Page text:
Alabama’s Hidden History: February 2023 honorees

Alabamas Hidden History

WVUA 23 and the Murphy African American Museum are honoring Alabamians who have made a difference every day in February. Profiles of Alabama Hidden History is sponsored by BankFirst.

Feb. 23: Khadijah Torbert

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Khadijah Torbert works at West AlabamaWorks, the workforce component of the Chamber of Commerce of West Alabama. She actively serves her community by volunteering at Temporary Emergency Services and is a mentor with Mind Changers, Inc., and is a proud member of the Delta Sigma Theta sorority.

Feb. 22: Kool-Aid McKinstry

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Kool-Aid McKinstry is a Birmingham native and a current leader of the Crimson Tide football team. He earned first team All-American honors from Pro Football Focus and Sporting News and has also won the Commitment to Academic Excellence and Defensive Achievement awards.

Feb. 21: Rodney Cooper

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Coming out of high school, Rodney Cooper ranked among the top 50 basketball players in the country. Although he had many Division 1 offers, he picked the University of Alabama and played there from 2011 to 2015. Cooper is now the founder and CEO of a sports drink company.

Feb. 20: Terrance Whittle

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Terrance Whittle is the Director of Athletics and head baseball coach at Stillman College. While he’s been coaching for nearly 30 years, Whittle still considers himself a teacher, menor and servant leader.

He’s a member of the Black College Sports and Education Foundation and is also committed to ending hunger and food insecurity in West Alabama.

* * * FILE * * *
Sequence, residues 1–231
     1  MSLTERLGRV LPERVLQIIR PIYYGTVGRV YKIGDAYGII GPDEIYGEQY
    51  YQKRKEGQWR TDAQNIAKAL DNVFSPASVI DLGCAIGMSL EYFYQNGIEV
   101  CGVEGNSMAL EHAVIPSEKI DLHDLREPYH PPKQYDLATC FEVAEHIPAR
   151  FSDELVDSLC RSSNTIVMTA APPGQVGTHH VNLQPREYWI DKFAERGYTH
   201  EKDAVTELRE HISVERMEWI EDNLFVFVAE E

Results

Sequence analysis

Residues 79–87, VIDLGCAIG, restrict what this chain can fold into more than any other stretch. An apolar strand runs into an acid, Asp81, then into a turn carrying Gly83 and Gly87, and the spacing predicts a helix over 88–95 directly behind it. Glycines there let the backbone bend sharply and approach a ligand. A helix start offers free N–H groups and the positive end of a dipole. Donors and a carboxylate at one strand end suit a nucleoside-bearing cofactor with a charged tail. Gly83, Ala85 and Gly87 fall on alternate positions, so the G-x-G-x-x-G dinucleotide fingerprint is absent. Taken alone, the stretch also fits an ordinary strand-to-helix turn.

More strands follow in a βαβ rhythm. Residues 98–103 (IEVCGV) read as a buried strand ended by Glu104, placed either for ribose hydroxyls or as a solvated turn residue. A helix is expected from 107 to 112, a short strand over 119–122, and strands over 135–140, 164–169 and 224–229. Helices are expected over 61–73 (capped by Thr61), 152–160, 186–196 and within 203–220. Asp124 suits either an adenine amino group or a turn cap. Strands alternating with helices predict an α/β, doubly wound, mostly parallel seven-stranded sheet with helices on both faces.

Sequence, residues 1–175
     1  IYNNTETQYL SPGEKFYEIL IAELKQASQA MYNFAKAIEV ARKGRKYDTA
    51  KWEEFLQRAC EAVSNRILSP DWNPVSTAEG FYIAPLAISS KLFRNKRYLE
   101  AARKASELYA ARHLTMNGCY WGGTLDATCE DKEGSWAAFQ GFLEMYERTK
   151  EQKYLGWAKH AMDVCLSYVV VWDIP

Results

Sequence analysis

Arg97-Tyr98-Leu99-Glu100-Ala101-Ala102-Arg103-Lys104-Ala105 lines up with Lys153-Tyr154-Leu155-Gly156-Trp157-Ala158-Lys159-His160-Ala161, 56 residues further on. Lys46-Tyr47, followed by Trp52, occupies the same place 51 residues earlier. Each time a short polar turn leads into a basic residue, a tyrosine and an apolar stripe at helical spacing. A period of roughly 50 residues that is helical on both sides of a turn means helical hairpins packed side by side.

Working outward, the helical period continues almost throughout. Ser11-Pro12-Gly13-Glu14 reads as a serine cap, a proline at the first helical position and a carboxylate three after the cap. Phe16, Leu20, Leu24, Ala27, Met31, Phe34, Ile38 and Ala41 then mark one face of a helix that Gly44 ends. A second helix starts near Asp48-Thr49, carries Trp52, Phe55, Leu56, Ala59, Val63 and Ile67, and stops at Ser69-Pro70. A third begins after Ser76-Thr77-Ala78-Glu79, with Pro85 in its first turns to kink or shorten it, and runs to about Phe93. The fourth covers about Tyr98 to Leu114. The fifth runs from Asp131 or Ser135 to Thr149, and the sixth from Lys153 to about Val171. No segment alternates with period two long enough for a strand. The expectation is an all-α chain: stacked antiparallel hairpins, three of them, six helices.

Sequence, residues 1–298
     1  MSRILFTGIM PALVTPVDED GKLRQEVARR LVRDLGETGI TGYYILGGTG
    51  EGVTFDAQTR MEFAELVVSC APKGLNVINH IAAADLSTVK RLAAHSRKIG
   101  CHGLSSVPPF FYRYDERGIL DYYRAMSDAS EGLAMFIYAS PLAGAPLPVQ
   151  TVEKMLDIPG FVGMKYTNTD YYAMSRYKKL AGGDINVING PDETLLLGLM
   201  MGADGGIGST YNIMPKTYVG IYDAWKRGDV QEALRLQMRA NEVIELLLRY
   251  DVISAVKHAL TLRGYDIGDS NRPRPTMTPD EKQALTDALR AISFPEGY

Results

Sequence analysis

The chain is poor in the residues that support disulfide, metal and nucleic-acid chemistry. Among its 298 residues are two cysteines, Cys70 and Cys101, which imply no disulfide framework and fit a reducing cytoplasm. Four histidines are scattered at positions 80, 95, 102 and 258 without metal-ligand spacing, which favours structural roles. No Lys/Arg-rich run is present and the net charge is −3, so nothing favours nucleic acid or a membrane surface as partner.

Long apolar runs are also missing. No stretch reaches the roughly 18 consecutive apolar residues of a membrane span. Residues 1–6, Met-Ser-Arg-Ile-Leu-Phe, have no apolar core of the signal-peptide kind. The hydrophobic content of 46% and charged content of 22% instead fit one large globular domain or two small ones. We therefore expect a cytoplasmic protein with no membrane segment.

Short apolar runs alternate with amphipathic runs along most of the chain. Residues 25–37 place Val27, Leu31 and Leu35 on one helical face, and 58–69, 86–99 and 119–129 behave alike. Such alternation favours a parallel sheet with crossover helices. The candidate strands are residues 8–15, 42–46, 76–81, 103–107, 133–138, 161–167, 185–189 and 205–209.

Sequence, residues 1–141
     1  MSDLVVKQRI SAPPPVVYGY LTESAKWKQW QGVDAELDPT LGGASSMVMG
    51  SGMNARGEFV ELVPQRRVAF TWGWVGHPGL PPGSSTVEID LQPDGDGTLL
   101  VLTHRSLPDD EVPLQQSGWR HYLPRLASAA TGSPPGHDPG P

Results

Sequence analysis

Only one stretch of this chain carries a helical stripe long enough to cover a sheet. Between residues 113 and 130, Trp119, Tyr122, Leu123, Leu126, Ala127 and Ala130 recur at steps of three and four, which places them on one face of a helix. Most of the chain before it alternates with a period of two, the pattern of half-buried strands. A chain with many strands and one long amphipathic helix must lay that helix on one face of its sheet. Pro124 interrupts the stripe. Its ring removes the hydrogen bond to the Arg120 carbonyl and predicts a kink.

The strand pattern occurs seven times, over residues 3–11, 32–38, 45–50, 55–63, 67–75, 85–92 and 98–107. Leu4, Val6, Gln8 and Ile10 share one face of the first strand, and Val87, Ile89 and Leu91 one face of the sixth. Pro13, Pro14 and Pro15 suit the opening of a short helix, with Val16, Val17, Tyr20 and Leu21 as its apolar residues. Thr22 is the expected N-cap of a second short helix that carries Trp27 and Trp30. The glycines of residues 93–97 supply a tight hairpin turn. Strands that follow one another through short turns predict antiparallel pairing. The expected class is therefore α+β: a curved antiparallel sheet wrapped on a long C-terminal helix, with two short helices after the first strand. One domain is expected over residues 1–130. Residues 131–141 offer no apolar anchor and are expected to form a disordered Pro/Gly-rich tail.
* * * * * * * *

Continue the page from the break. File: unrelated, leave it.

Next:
Feb. 19: Dr. John Giggie

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Dr. John Giggie is an associate professor and director of the University of Alabama’s Summersell Center for the Study of the South. He’s the creator of History of Us, the first Black history class taught in Alabama’s public schools. He’s also the director of Alabama Memory, an effort that seeks to remember the lives lost to lynching.

Giggie is a founding member of the Tuscaloosa Civil Rights History and Reconciliation Foundation.

Feb. 18: Celletrius Sanders

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Celletrius Sanders is currently employed as a pharmacy operations manager at Walgreens, where she’s worked for 15 years. She’s dedicated herself to serving the local community by volunteering in Tuscaloosa City Schools, is a PTA president and a volunteer Girl Scouts leader.

Feb. 17: Pastor Mike Paciello

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Pastor Mike Paciello continues to labor for the unity of Black and white churches. He ministers in the Bibb County Correctional Facility, Tuscaloosa County Jail and the Tuscaloosa Juvenile Detention Center.

He’s traveled as far as Uganda and Rwanda to minister in prisons. After George Floyd was killed, Paciello led a racially sensitive seminar for the Tuscaloosa and Northport police departments, and Paciello prays for a day when churches are no longer labeled Black or white.

Feb. 16: Fayetta Little

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Fayetta Little has a passion for learning and teaching. She’s spent nearly 20 years in education and currently serves as principal of Crestmont Elementary School. As a leader, Little is committed to student achievement and ensuring her children are prepared for the next chapter in their lives.

Feb. 15: John Teasley

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Coach John Teasley is head basketball coach at Stillman College, where he ranks third-fastest in active coaches. His team recently won a conference title and three regular season championships.

Teasley has been head coach at Stillman since 2017.

Feb. 14: Kristen Bobo

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Kristen Bobo is the adult education director at Shelton State Community College, where she guides and mentors adults entering higher education.

Most of all, Bobo enjoys connecting people with their community and helping them find their purpose.

Feb. 13: Corey and Katherine Waldon

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Corey Waldon is a physical education teacher and the owner of Waldon Media. His wife, Katherine, is the chief programmatic officer at Five Horizons Health Services. Together, they created Lift Alabama, which offers a free after-school program and summer activities for students in middle and high school.

Feb. 12: Norvie Womack